FIFA has rejected the use of goal-line cameras or other devices to determine if a ball has crossed the line, despite numerous and frequent examples of incorrect decisions. It has decided to continue its experiment of additional goal-line officials, though this, too, won’t be implemented for the 2010 World Cup.
I mention these other incidents not simply for their timeliness, but their possible impact beyond their current form. If a perfect game can be reviewed, what about postseason games? Surely, a World Series Game 7 is of least as much competitive value as the historic impact of a regular-season game in early June, even one of perfection. Hockey, like baseball with its home-run reviews, does not allow for any video review except to determine if a goal has been scored.
Soccer could easily adapt a form of video review, simply by using small lipstick cameras attached to the frame of the goal. Current FIFA regulations prohibit this, for whatever reason, but a goal could be equipped and wired very cheaply and simply. This can’t be done at every level of the game, of course, but for major regional and international competitions and first-division pro leagues it makes a lot of sense, except to FIFA.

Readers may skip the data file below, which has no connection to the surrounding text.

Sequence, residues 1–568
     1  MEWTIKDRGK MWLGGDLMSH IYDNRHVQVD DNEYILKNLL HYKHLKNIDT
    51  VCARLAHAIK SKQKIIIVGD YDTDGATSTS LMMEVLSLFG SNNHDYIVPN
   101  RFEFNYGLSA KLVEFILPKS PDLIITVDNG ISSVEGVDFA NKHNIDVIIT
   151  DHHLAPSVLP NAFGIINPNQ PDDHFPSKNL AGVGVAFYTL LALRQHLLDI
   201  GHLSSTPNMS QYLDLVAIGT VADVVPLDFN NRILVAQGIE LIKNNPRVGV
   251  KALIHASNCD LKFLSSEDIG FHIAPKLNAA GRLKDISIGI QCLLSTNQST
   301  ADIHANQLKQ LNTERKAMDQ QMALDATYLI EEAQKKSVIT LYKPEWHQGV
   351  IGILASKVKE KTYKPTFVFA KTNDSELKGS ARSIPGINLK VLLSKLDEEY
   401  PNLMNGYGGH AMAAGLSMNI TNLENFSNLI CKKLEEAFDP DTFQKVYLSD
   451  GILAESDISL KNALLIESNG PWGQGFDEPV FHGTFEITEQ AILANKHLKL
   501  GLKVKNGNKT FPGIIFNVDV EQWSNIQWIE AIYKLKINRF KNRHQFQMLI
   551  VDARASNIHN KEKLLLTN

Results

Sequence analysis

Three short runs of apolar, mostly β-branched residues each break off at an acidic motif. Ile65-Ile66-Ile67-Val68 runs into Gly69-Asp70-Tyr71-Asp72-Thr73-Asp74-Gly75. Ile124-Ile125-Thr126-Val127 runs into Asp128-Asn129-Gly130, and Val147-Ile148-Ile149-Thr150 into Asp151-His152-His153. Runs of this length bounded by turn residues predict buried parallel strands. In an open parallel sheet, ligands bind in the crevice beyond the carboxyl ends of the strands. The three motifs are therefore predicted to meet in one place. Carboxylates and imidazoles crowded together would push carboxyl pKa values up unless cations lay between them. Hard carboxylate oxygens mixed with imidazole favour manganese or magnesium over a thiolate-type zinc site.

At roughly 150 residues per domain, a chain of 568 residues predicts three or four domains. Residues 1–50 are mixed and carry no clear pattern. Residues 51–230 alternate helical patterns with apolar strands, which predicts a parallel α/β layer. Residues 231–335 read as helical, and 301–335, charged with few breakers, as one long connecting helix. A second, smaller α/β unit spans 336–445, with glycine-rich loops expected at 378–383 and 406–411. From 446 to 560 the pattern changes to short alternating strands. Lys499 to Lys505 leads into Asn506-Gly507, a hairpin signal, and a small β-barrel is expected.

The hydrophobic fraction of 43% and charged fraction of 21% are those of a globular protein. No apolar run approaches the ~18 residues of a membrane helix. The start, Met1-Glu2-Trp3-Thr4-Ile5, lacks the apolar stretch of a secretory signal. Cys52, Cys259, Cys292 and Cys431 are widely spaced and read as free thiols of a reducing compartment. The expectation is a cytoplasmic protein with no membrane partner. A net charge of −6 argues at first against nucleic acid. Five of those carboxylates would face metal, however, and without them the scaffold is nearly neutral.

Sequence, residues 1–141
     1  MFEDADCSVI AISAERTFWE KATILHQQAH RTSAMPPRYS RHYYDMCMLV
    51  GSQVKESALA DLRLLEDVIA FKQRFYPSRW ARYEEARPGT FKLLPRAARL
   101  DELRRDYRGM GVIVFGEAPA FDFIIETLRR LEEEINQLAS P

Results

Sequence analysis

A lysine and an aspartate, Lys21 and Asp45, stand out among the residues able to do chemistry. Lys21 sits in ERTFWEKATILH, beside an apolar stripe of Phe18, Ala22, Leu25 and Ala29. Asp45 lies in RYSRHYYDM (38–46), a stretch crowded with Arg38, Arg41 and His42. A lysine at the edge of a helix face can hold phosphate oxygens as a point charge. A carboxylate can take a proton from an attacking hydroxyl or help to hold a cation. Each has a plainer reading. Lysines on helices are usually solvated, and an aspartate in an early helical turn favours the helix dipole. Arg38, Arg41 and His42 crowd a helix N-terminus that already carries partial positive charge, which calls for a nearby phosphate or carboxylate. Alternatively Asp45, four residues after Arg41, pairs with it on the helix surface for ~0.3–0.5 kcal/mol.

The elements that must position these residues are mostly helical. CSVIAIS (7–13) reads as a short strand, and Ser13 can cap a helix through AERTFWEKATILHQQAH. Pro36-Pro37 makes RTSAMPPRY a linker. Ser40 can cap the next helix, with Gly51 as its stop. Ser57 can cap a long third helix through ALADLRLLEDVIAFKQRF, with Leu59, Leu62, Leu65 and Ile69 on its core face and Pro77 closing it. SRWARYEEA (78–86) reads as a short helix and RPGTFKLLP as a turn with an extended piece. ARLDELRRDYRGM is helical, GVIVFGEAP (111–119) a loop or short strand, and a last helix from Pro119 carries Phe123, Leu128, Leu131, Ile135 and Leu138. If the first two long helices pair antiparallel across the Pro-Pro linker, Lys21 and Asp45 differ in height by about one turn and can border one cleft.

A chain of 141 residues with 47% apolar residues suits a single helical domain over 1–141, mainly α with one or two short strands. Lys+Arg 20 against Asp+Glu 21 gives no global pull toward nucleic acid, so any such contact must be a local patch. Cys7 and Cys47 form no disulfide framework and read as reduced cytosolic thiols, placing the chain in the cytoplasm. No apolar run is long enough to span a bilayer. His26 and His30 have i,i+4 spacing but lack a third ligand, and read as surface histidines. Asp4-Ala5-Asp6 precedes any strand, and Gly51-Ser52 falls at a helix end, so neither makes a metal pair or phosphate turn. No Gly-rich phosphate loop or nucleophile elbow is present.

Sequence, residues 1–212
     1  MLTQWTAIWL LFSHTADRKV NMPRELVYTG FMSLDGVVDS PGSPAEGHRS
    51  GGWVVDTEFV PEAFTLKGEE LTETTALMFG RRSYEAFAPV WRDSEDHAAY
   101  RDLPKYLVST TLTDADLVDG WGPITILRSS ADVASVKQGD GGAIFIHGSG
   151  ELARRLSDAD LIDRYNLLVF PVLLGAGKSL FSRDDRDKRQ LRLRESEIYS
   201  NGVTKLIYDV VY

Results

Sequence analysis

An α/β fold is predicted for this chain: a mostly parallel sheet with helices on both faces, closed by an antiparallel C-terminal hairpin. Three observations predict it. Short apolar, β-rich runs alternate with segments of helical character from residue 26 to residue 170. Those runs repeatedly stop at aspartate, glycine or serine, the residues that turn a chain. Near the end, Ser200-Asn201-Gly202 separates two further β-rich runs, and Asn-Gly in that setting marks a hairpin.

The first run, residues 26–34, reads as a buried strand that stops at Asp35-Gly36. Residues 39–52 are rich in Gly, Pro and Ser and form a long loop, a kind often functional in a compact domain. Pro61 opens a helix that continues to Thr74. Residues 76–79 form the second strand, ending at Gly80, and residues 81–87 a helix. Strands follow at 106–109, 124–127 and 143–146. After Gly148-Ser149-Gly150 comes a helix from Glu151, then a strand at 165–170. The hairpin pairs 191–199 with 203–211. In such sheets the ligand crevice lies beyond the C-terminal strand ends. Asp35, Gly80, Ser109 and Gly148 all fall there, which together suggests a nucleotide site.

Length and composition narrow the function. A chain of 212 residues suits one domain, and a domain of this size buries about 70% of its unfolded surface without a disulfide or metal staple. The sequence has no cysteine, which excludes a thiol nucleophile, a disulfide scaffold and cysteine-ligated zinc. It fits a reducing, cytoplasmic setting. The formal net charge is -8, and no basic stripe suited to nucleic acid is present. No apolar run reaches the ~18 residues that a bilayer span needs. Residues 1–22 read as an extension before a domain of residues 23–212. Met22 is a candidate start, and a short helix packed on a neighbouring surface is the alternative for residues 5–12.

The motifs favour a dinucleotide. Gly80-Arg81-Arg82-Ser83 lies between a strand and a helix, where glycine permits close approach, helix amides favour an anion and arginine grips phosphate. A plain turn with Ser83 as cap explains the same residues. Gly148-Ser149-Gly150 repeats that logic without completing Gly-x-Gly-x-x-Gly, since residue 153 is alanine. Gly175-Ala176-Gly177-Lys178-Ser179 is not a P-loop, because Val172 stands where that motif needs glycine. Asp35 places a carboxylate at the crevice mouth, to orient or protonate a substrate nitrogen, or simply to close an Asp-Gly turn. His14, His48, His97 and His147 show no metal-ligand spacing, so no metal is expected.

Some observers have suggested cameras be used to review goalmouth incidents as well, but I don’t like this idea. Determining if a goal has been scored is of paramount importance to the sport’s integrity as well as the outcome of a match, and while such incidents are relatively rare, they occur often enough to call for an upgrade.
To better police action on the field, logic would indicate there should be more officials. Two referees on the field, plus two referee’s assistants and a bench (currently the “fourth”) official is one idea; another is the use of goal-line officials to closely monitor goalmouth action, where most the important controversies usually arise. An official standing just yards away might deter an Henry from knocking that ball down in the first place; the primary objectives of any change in officiating procedures are accuracy and deterrence. Meting out the proper punishment comes in a close second.
We can hope there won’t be a botched call or goal-line screwup that dumps a team out of the World Cup, and it can be argued that if the Henry fiasco didn’t convince FIFA to yank its head out of the sand, nothing will. The very cynical have floated the idea of what would have happened if an Irish player committed the same transgression to dismiss 1998 winner and 2006 finalist France, the native land of UEFA president and former international Michel Platini?
If the best we can hope for is goal-line officials who can monitor action on the field as well as serve as judges of balls near or on the goal line, so be it. I don’t advocate technology for its own sake, but rather for fairness and getting the call right. I accept the concept of “human error,” but if the involvement of more humans yields less error, I can go for that.